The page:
3) Exhibitions – We have got all sort of open house, where the army/air force/navy exhibit their skills, technologies and equipments. They allow people to “play” with rifles, take a ride on the vehicles, put on camouflage cream on their face, allowing young kid to wear the different type of uniforms and so on… At the exhibitions most of the personnel there would be very friendly to visitors even the most unfriendly person in the SAF. Good public image achieved.

4) Songs/Music – You would have to agree that songs does affect people’s mood. I don’t know how to say it but the songs here but I kind of got sucked into the lyrics of the song…
Music played on certain/different occasion will have a very strong impact on someone feelings too. Here is a very simple example, when you go to school (primary/secondary school), the national anthem would be played, and you are “forced” to sing along, and you don’t like that at all. But if you are at the NDP, and when the national anthem is played, you would actually feel that “something special”.

Maybe there is more, but these are the few I came across.

I guess they are people out there that are immune to all these but I am not...

Again, pardon me for my bad language.

In the mind of a “brain-washed” pre-enlistee

I was totally ignorant about national service a few years back. But now I am definitely better informed about it, and it all started with the mini series by Steven Spielberg, Band of Brothers.

I became so interested in military stuff after watching that show, it "made" me to start reading about soldier's gears, rank structures, ceremony procedures, uniforms/fatigues and more. I visited soldier’s blog, different military forums and read news article, and everything seems so “beautiful” and “perfect”.


I am now very ready interested to join the SAF. I can’t really comment about life in the SAF but I sense that it would be rather interesting (many would disagree). How I wish that I would be enlisted tomorrow, I am getting bored with school life already.

Maybe I am just being exposed to too much “SAF propaganda”. (Those “cool” looking posters and recruitment advertisements.)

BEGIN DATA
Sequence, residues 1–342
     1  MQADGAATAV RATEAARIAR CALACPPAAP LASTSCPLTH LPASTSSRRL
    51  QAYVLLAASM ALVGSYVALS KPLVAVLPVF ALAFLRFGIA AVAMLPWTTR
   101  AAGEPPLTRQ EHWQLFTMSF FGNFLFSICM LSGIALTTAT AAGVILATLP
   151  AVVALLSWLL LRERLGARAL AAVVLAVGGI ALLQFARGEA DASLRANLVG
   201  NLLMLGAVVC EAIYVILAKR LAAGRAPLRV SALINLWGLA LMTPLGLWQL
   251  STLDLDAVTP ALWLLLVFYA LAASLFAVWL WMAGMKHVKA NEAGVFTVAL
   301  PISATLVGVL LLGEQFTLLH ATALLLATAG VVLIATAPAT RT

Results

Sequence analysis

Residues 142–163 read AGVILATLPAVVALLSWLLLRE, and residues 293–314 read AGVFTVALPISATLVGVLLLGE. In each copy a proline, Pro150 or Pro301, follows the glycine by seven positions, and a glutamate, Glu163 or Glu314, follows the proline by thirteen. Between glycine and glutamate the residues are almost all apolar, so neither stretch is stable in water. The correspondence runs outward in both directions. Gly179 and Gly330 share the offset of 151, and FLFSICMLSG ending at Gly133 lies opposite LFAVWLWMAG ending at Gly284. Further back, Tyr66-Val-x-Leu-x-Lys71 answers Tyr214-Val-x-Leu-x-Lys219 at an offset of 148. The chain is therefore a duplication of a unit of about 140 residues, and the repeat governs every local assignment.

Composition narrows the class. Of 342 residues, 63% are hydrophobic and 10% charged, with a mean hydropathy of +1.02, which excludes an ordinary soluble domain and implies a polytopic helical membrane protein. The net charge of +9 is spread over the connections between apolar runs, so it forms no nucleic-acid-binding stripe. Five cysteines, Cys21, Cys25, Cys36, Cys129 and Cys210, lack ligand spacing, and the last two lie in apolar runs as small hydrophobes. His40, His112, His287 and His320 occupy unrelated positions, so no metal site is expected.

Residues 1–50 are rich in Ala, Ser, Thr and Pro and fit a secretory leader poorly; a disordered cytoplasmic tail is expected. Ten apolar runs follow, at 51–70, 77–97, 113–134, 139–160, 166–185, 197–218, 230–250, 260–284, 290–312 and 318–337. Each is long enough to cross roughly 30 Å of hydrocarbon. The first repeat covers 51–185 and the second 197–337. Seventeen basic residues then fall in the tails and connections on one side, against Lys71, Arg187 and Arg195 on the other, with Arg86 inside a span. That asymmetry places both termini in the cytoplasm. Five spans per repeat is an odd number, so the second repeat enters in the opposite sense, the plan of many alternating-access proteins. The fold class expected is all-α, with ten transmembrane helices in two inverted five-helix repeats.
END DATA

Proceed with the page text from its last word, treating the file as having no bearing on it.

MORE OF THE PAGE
But of course, they are the fears too, like

  • What isit like living with some other strangers. (Will we 'click'?)
  • Can I cope with the training?
  • Will something bad happen during training to me?
  • Will I lose interest after I eventually see the real thing for myself.


Maybe life just got too bored for me…

…and maybe that why I wrote this.

And oh, sorry for my poor piece of writing, I am trying my best already, ;-) and oh don’t flame me.

The Misadventures of Encik L - Part Deux


We come to another accident-filled installment of The Misadventures of Encik L.

The names of people and companies in this blog have been changed to protect the not-so-innocent and of curse to protect my a** from being whooped by the not-so-innocent people if they find they have been named as the not-so-innocent… erm… hope you catch my drift.

Now, where were we? Ahh… the hills are alive with the sound of… BAM!!!!!!! Contact!!! Tututututututututut! Hostile at 12 o’clock! Tututututututututut! Cover me!

The mundane sounds of GST, no not your 5% tax but group and section training – that wonderful opportunity for a soldier to get to know his fellow sufferers out in the smoldering heat of the dense lalang forest of Singapore’s premier integrated resort island, Tekong Country Club.

Of course GST, feels just like the 5% we pay for everything – not worth it, all for nothing, and occasionally bloody painful. “WTF! Eh bruddah! 5cents extra?!? Kacang putih also got GST!?!”

In our case of course, GST out in the middle of Tekong sets the scene for our hero Encik L. Encik L, well, what can one say… you either love him or just laugh the hell at him.

So here we are, a hot stifling day. The men have been through rounds of tekan…ah I mean loving attention… by the friendly people who just happen to have squiggly lines on their arms or crabs on their shoulders (often a result of illicit partnerings at the near-by Changi Village… aiyah… wrong type of crab).

Encik L was sitting in the shade of the three-toner, feeling a tad lost in thought, which in layman’s terms means he can’t remember what he was trying to remember to remember.

In a moment of inspired genius, Encik L decided to become fully involved in the training! EEEE-ORRRRR! EEEE-ORRRRR! EEEE-ORRRRR! Alarm bells rang in all our collective heads… better take cover just in case he blows up the island.

In the most garang voice that an over-sized hamster can muster, he shouted: “Oi!! Men!! Let me show you what real GST is! All you coo-coos like bleeding sissies!” (to provide the context for the sound effect his shouting induced, imagine Mickey Mouse speaking after inhaling helium…)

So, all of the squiggly lines and bars and crabs retreated to the relative safety of the nearest shade to watch the Encik L Sideshow unfold.